Chapman, you had me at mach 70.
It was Snowdown, 1995 (Durango, Colorado’s annual winter carnival), and my friends and I were out reveling well past closing time. Someone had the amazingly (stupid) idea to go sledding under the full moon. Of course I was intrigued; it was, after all, about zero degrees, 2-plus a.m. And well I had never actually luge-d before. We walked to Chapman from downtown Durango with two vinyl mats “borrowed” from the PT office that my buddy worked in.
We hiked up the far right side of Chapman (the steep side), and proceeded to set a new land-speed, late-night descent record, probably still in tact in La Plata County, Colo.
During winter, I get to re-live that memory three nights a week as I watch my son in his freestyle ski team practices, wishing that he’d make a turn every now and then. …
Everyone in Durango has memories imprinted from our beloved Chapman, our Town Hill. It’s our meeting spot for many rides, runs and hikes. It’s ground zero for our town’s crazy hockey obsession, with the ice rink right at the base. Chapman Hill has served as the start and finish to world-cup mountain bike races as well over the past 20-plus years.
Chapman serves as a sort of lifeline; a point of critical access for the many outdoor-recreation obsessed Durangoans. Purg (we still call it this even though it’s officially Durango Mountain Resort) is 35 minutes north of town. Telluride and Wolf Creek? Both are nearly two hours in either direction in winter. Chapman Hill represents accessibility to our beloved outdoor sports – year round.
As such, it’s a point of commonality to our community – no matter what sort of sport you’re into or what circle of friends you run in, Chapman Hill serves as a common meeting place.
It is the ultimate park-and-play spot for the many recreation-obsessed Durangoans. Morning, noon and night, you’ll find us hiking up or racing down that hill, playing hockey or wrecking shop in roller derby. You’d be hard pressed to find a kid in Durango who hasn’t had a birthday party at Chapman.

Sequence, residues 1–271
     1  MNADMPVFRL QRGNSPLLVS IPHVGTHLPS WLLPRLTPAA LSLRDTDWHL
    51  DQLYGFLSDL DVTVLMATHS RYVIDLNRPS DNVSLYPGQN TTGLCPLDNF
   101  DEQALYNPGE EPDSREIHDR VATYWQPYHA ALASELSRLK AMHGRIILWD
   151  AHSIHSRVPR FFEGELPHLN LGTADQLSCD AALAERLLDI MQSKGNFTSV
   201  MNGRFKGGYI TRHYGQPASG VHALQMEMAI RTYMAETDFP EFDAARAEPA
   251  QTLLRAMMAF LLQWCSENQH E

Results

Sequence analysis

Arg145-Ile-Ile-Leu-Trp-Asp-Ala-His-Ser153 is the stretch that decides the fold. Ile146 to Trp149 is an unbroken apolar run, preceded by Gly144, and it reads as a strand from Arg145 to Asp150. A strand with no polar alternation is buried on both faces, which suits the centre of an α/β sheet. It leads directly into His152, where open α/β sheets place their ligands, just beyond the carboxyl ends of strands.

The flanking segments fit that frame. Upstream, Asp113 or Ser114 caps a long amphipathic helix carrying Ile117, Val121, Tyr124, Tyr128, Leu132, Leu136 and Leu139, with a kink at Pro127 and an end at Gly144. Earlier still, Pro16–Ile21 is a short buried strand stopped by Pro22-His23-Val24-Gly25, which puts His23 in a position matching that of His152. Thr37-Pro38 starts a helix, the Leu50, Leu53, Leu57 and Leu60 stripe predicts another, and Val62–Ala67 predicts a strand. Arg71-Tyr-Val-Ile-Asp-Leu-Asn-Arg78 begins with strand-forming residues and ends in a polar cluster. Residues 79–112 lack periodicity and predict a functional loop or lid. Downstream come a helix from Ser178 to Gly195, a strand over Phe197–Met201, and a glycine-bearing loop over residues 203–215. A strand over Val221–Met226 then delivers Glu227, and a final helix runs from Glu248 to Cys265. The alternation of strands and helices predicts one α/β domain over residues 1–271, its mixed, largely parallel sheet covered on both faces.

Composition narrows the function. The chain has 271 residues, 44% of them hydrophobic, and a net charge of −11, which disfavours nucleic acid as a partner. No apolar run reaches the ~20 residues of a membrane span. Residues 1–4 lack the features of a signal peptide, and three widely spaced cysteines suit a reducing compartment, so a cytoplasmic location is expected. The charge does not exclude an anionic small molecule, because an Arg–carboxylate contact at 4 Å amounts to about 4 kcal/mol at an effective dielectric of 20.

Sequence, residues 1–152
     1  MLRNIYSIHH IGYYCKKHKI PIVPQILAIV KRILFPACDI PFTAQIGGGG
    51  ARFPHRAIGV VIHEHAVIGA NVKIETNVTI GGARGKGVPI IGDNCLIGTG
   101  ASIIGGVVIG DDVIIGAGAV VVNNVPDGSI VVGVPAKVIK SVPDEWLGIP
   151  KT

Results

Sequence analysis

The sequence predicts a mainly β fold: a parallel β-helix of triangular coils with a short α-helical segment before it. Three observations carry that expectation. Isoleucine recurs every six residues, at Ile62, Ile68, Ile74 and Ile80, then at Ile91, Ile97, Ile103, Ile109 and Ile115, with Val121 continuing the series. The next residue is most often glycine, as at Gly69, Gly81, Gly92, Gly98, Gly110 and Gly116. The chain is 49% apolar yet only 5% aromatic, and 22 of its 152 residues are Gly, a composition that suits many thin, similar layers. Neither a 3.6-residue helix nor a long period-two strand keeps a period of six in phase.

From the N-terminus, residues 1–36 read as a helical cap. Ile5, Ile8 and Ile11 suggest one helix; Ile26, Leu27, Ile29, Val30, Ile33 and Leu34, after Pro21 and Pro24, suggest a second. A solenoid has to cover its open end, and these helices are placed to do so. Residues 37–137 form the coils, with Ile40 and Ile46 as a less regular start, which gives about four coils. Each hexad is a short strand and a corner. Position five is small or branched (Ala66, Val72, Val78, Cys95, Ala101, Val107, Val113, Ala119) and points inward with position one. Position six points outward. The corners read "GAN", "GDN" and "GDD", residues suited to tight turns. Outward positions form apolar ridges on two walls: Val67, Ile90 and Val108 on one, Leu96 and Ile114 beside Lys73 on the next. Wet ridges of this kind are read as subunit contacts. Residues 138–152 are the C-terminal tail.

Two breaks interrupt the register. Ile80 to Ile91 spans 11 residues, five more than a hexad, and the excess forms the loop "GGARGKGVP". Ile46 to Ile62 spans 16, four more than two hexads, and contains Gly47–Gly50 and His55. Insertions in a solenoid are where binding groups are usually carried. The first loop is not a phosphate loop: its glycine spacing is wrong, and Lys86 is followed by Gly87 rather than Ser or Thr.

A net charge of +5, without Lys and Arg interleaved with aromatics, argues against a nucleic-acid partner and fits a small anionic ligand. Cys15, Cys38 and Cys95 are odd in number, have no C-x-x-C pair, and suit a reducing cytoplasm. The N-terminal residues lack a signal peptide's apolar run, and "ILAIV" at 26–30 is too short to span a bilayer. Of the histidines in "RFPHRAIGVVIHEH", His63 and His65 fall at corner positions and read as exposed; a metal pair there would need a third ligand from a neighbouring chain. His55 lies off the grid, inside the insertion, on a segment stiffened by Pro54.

Thankfully the City of Durango has invested in this true gem, a fulcrum to our community.
Just a few years ago, the City of Durango installed an updated rope tow and even more recently, snow making and grooming. Not a single resident I know of questioned the City’s investment of our tax dollars in Chapman for our in-town recreation.
The City will soon be building a bike park at the base, thanks to our national-caliber junior-development mountain bike program, DEVO (which begins many rides right at the base of Chapman).
Countless Durango residents have learned to ski or ride on Chapman Hill. I asked a few lifers about how it was to learn at Chapman. Many remembered burning through multiple pair of ski gloves thanks to the rope tow. More noted surprisingly frequent pow stashes and noted several nice pitches, learning with their friends, sledding with their families.
Chapman Hill might be pretty small in terms of its vertical, but it’s incredibly powerful in its ability to forge happy memories for Durangoans of all ages.
Photos courtesy of Scott Smith.